“This course we will explore the foundations of software security. We will consider important software vulnerabilities and attacks that exploit them — such as buffer overflows, SQL injection, and session hijacking — and we will consider defenses that prevent or mitigate these attacks, including advanced testing and program analysis techniques. Importantly, we take a “build security in” mentality, considering techniques at each phase of the development cycle that can be used to strengthen the security of software systems.”
“This course focuses on how to design and build secure systems with a human-centric focus. We will look at basic principles of human-computer interaction, and apply these insights to the design of secure systems with the goal of developing security measures that respect human performance and their goals within a system.”
“The impact of technology and networks on our lives, culture, and society continues to increase. The very fact that you can take this course from anywhere in the world requires a technological infrastructure that was designed, engineered, and built over the past sixty years. To function in an information-centric world, we need to understand the workings of network technology. This course will open up the Internet and show you how it was created, who created it and how it works. Along the way we will meet many of the innovators who developed the Internet and Web technologies that we use today.”
“Cybercrime has become both more widespread and harder to battle. Researchers and anecdotal experience show that the cybercrime scene is becoming increasingly organized and consolidated, with strong links also to traditional criminal networks. Modern attacks are indeed stealthy and often profit oriented.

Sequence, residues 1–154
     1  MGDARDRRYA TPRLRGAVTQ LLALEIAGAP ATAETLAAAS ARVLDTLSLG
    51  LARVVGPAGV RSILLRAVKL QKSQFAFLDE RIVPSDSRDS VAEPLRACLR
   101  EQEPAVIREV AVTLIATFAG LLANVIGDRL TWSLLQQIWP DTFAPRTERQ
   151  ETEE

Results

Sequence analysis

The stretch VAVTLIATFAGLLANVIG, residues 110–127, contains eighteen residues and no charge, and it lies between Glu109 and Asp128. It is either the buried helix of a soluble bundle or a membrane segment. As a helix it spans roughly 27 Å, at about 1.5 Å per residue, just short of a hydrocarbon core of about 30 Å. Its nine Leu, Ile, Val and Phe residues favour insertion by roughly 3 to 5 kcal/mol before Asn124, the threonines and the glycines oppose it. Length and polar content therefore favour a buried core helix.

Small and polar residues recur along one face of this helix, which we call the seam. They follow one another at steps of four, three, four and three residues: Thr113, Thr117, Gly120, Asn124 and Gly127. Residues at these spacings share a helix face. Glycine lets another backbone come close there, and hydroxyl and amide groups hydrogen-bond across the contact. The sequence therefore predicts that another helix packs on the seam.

Malicious software (malware) is the traditional way in which cybercriminals infect user and enterprise hosts to gain access to their private, financial, and intellectual property data. Once stolen, such information can enable more sophisticated attacks, generate illegal revenue, and allow for cyber-espionage.
By mixing a practical, hands-on approach with the theory and techniques behind the scene, the course discusses the current academic and underground research in the field, trying to answer the foremost question about malware and underground economy, namely, “Should we care?”.
Students will learn how traditional and mobile malware work, how they are analyzed and detected, peering through the underground ecosystem that drives this profitable but illegal business. Understanding how malware operates is of paramount importance to form knowledgeable experts, teachers, researchers, and practitioners able to fight back. Besides, it allows us to gather intimate knowledge of the systems and the threats, which is a necessary step to successfully devise novel, effective, and practical mitigation techniques.”
“In this course, you will explore several structured, risk management approaches that guide information security decision-making. Course topics include: developing and maintaining risk assessments (RA); developing and maintaining risk management plans (RM); regulatory and legal compliance issues affecting risk plans; developing a control framework for mitigating risks; risk transfer; business continuity and disaster recovery planning from the information security perspective.”